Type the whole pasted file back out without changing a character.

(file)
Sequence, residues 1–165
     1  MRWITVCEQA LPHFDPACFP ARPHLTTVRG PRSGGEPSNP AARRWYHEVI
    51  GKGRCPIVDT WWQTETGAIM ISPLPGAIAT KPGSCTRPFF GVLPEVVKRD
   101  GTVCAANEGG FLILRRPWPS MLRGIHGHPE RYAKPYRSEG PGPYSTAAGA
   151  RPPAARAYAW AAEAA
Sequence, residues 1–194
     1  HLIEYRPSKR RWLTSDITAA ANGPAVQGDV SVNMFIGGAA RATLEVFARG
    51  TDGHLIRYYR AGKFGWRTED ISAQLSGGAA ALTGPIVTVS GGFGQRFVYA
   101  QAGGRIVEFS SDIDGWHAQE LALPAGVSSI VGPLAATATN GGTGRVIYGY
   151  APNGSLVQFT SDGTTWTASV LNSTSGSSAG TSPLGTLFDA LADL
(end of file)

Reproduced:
Sequence, residues 1–165
     1  MRWITVCEQA LPHFDPACFP ARPHLTTVRG PRSGGEPSNP AARRWYHEVI
    51  GKGRCPIVDT WWQTETGAIM ISPLPGAIAT KPGSCTRPFF GVLPEVVKRD
   101  GTVCAANEGG FLILRRPWPS MLRGIHGHPE RYAKPYRSEG PGPYSTAAGA
   151  RPPAARAYAW AAEAA
Sequence, residues 1–194
     1  HLIEYRPSKR RWLTSDITAA ANGPAVQGDV SVNMFIGGAA RATLEVFARG
    51  TDGHLIRYYR AGKFGWRTED ISAQLSGGAA ALTGPIVTVS GGFGQRFVYA
   101  QAGGRIVEFS SDIDGWHAQE LALPAGVSSI VGPLAATATN GGTGRVIYGY
   151  APNGSLVQFT SDGTTWTASV LNSTSGSSAG TSPLGTLFDA LADL